Biodiv Sci ›› 2017, Vol. 25 ›› Issue (4): 418-426.DOI: 10.17520/biods.2017015

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Comments on the APG’s classification of angiosperms

Wei Wang1,2, Xiaoxia Zhang1,2, Zhiduan Chen1, Anming Lu1,*()   

  1. 1 State Key Laboratory of Systematic and Evolutionary Botany, Institute of Botany, Chinese Academy of Sciences, Beijing 100093 2 University of the Chinese Academy of Sciences, Beijing 100049
    1 State Key Laboratory of Systematic and Evolutionary Botany, Institute of Botany, Chinese Academy of Sciences, Beijing 100093 2 University of the Chinese Academy of Sciences, Beijing 100049
  • Received:2017-01-13 Accepted:2017-03-15 Online:2017-04-20 Published:2017-04-20
  • Contact: Lu Anming

Abstract:

With the rise of plant molecular systematics, tremendous progress has been made in understanding phylogenetic relationships within angiosperms. With the basic phylogenetic framework of angiosperms established, a DNA phylogeny-based angiosperm classification system at the order and familial levels was proposed by the Angiosperm Phylogeny Group (APG) in 1998 and has been updated three times. In this paper, we summarize the major achievements of the APG system as follows: (1) testing the repeatability and predictability of the APG system for angiosperms; (2) resolving the systematic positions of some segregate taxa which were not placed based on morphological characters; (3) proving that it is not reasonable to first divide angiosperms based on cotyledon character; (4) demonstrating the importance of tricolpate/tricolporate pollen and derivatives for angiosperm classification; (5) finding that the centrifugal development of stamens in polyandrous groups have evolved independently many times and should not be used to delimit class or subclass of angiosperms; (6) supporting that most of the families delimited by broad morphological characters are natural; and (7) separating some families which are traditionally regarded as natural. We then point out potential problems that need to be resolved in the future, including: (1) how to harmonize the APG system and the morphology-based systems; (2) establishing new morphological evolution theories on the basis of the APG system; (3) determining whether it is enough to only use “monophyly” as a criterion to circumscribe orders and families; (4) determining morphological synapormorphies of those orders in the APG system; and (5) how to best compile a key to distinguish the orders and families of the APG system and to list their diagnostic characters for orders and families. In addition, we propose suggestions for the phylogenetic relationships and taxonomic status of some taxa mainly distributed in Asia, specifically East Asia, including Illiciaceae, Acanthochlamydaceae, Tetracentraceae, Leeaceae, Rhoipteiaceae, Hippocastenaceae, Aceraceae, Bretschneideraceae as familial status, and dividing Cornaceae sensu lato into Cornaceae sensu stricto and Nyssaceae sensu lato.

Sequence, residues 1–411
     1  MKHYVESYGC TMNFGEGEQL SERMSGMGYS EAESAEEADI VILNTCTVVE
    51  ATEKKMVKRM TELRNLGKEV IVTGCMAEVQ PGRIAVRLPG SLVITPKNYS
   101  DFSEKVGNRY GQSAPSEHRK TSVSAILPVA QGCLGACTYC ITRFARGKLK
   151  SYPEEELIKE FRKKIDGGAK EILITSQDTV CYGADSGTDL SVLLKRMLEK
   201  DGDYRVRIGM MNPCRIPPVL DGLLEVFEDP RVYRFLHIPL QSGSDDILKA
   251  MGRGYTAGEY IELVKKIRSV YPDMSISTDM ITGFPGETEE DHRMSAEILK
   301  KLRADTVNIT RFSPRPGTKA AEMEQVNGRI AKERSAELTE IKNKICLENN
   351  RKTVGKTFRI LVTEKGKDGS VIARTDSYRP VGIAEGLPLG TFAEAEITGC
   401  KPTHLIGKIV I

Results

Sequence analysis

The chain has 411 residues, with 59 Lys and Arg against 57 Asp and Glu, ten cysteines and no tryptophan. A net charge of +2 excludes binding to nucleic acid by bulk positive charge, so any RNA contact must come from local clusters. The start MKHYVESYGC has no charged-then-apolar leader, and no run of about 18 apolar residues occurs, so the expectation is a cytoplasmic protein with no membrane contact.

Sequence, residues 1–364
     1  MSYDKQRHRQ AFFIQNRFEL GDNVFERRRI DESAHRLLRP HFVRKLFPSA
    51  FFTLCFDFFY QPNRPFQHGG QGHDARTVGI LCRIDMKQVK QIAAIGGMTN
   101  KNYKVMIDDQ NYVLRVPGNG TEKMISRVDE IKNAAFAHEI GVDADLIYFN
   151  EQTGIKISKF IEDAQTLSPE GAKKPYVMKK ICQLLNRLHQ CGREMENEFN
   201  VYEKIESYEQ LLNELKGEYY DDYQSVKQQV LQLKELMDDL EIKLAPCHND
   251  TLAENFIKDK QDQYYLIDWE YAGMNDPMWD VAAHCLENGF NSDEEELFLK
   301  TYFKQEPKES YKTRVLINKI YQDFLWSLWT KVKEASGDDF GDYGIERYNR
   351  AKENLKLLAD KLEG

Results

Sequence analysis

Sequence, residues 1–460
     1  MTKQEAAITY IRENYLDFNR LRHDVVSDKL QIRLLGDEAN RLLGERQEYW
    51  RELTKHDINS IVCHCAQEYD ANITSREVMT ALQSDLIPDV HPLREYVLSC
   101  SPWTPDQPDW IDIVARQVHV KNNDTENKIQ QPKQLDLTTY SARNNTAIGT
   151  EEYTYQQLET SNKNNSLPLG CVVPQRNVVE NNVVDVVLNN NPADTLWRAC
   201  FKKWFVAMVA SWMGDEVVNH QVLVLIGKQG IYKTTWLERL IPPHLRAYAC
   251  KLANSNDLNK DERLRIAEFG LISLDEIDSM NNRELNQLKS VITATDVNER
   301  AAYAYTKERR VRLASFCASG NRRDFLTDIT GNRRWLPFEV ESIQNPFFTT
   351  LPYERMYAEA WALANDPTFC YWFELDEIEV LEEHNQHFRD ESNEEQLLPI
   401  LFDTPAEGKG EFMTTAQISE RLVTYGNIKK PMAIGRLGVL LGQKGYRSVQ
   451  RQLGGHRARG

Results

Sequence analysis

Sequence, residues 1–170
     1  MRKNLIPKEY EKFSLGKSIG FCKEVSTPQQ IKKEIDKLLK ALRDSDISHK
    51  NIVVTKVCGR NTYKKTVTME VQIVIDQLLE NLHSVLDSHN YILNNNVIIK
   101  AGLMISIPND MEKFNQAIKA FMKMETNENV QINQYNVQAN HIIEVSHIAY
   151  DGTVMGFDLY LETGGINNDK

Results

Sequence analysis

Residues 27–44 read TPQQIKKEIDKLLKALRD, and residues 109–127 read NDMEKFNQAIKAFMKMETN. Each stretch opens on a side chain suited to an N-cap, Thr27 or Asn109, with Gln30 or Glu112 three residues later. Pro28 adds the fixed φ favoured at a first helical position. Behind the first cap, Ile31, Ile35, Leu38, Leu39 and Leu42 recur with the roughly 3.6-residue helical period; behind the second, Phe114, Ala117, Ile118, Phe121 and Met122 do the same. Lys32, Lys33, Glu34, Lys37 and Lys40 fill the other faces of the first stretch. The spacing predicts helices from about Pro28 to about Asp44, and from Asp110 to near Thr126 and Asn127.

http://jtp.cnki.net/bilingual/detail/html/SWDY201704010

Key words: angiosperms, molecular systematics, classification, morphology, monophyly, synapormorphy